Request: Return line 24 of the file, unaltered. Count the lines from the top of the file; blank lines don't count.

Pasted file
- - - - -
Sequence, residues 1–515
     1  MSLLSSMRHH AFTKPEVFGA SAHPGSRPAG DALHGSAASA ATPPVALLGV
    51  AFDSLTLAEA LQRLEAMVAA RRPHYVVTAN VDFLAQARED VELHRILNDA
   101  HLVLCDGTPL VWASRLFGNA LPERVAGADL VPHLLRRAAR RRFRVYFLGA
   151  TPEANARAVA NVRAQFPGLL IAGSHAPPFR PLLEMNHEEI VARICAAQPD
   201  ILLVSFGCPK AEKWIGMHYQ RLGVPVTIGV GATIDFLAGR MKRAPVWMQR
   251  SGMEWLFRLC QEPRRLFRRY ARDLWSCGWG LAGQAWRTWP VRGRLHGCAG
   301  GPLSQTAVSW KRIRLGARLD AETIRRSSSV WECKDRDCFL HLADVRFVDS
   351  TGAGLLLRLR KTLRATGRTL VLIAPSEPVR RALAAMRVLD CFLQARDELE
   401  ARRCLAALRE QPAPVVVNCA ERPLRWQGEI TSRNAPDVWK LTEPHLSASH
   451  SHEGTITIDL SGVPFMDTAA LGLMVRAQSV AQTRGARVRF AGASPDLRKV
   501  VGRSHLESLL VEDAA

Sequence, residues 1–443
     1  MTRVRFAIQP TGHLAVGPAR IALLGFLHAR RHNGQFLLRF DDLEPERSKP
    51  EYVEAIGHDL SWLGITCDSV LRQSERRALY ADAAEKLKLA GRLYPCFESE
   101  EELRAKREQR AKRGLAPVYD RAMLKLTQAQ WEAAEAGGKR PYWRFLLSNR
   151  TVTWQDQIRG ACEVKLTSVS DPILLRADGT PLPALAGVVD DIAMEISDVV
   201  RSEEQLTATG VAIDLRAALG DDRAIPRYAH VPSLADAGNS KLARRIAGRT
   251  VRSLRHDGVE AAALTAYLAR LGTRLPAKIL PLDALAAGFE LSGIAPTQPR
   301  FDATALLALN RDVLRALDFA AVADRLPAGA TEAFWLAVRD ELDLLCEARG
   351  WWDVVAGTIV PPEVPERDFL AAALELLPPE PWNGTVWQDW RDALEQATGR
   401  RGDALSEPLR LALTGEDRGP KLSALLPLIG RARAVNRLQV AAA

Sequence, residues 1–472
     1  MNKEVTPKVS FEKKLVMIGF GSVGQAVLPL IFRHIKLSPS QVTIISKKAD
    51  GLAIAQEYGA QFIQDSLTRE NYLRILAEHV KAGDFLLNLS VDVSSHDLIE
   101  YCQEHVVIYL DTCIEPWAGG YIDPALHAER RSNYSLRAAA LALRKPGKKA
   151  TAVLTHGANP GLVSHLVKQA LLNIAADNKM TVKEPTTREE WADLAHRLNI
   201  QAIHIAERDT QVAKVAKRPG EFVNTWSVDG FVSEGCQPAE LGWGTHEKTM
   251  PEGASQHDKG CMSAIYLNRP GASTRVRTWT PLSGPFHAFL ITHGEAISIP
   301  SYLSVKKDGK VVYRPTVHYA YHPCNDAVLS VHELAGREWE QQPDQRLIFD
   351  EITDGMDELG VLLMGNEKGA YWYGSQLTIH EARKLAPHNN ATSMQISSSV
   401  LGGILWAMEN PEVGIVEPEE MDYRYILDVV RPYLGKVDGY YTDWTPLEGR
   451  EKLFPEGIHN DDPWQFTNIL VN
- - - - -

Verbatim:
     1  MNKEVTPKVS FEKKLVMIGF GSVGQAVLPL IFRHIKLSPS QVTIISKKAD